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Equilibrium Price Dynamics of Emission Permits

Published online by Cambridge University Press:  03 July 2018


This article presents a stochastic equilibrium model for environmental markets that allows us to study the characteristic properties of emission permit prices induced by the design of today’s cap-and-trade systems. We characterize emission permits as highly nonlinear contingent claims on economy-wide emissions and reveal their hybrid nature between investment and consumption assets. Our model makes predictions about the dynamics and volatility structure of emission permit prices, the forward price curve, and the implications for option pricing in this market. Empirical evidence from existing emissions markets shows that the model explains the stylized facts of emission permit prices and related derivatives.

Research Article
Copyright © Michael G. Foster School of Business, University of Washington 2018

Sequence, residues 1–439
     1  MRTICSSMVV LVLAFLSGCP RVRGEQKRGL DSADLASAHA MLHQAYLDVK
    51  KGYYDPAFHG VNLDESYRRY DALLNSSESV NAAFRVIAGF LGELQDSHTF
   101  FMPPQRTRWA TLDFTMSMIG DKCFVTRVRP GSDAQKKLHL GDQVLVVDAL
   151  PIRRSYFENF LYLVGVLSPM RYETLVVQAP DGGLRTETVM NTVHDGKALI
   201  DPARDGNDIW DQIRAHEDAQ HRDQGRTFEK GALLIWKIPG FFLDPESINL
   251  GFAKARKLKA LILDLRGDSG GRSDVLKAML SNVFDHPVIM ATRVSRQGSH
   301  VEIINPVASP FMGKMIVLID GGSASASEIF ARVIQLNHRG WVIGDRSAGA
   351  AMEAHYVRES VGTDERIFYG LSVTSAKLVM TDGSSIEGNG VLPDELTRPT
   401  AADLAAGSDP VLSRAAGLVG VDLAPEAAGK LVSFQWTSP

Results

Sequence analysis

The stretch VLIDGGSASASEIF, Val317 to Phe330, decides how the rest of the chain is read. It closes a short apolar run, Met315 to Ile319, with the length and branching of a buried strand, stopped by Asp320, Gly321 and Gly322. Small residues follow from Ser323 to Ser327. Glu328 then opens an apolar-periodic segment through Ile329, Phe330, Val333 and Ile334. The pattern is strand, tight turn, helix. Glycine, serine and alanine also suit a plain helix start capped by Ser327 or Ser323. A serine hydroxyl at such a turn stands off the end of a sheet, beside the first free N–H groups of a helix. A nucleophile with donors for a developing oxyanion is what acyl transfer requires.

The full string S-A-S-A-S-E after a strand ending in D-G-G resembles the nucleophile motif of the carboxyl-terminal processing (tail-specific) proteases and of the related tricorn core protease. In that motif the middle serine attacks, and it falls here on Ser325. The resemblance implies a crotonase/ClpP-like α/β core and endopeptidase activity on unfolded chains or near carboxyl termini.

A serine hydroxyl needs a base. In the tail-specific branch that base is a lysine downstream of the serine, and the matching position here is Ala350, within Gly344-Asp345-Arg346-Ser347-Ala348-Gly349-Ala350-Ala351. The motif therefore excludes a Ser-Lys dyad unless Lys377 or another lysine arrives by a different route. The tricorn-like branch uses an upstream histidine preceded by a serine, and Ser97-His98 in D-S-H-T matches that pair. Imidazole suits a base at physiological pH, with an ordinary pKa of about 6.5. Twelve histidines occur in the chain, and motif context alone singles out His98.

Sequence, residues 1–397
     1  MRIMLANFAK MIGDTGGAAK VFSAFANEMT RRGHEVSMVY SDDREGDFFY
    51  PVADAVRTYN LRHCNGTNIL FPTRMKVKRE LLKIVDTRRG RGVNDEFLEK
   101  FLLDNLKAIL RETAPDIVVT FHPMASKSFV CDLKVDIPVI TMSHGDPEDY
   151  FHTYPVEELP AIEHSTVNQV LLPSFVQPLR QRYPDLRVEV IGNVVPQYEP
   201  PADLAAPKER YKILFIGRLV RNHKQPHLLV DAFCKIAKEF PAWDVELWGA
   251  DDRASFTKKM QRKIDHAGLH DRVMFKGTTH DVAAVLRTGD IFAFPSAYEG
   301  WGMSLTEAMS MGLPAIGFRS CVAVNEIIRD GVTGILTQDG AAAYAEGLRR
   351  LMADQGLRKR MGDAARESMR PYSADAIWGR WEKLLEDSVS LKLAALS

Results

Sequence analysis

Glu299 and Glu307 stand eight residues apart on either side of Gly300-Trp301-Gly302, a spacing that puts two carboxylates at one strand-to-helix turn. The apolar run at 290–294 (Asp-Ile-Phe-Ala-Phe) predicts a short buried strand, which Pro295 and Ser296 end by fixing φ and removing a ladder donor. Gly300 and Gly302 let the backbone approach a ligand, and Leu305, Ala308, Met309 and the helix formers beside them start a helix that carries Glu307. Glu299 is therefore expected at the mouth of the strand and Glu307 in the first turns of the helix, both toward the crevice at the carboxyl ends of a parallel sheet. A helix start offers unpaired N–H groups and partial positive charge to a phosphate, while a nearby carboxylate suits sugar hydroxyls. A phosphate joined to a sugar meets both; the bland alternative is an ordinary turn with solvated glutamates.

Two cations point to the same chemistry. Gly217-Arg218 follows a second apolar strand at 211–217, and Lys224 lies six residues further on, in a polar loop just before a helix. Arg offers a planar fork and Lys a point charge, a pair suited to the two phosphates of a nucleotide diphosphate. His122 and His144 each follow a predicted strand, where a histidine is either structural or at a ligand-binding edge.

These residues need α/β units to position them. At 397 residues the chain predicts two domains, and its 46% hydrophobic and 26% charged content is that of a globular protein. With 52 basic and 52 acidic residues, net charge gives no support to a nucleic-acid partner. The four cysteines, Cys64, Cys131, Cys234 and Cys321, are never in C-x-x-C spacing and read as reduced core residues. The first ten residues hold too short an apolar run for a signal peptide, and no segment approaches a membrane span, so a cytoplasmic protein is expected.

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We thank Antje Berndt, René Carmona, Marc Chesney, Karl-Martin Ehrhart, Sang Baum Kang, Rüdiger Kiesel, Dominik Möst, Paulo Pereira, Christian Schlag, Philipp Schuster, Siegfried Trautmann, Michael Triskatis, Clemens Völkert, and Volker Vonhoff, as well as participants at the 2009 International Ruhr Energy Conference, the 2010 Campus for Finance Research Conference, the 2010 Industrial-Academic Forum on Commodities, Energy Markets, and Emission Trading at the Fields Institute (Toronto), the 2010 World Congress of Environmental and Resource Economists, the 2010 Energy Finance Conference, the 2011 Annual Conference of the Swiss Society for Financial Market Research, the 2011 Financial Management Association European Conference, the 2011 European Financial Management Association Annual Meetings, the 2011 International Congress on Industrial and Applied Mathematics, the 2011 Annual Meeting of the German Finance Association, the 2011 Financial Management Association Annual Meeting, the 2013 Annual Meeting of the German Academic Association for Business Research, the 2013 Applicable Semiparametrics Conference, and the Universities of Duisburg-Essen and Zurich for valuable discussions and helpful comments and suggestions. The article greatly benefited from comments by Hendrik Bessembinder (the editor) and Gurdip Bakshi and Bryan Routledge (associate editors and referees). Financial support by the Graduate School 895 “Information Management and Market Engineering” at the Karlsruhe Institute of Technology (KIT), funded by Deutsche Forschungsgemeinschaft (DFG), is gratefully acknowledged. An earlier version of this article was circulated under the title “Understanding the Price Dynamics of Emission Permits: A Model for Multiple Trading Periods.”


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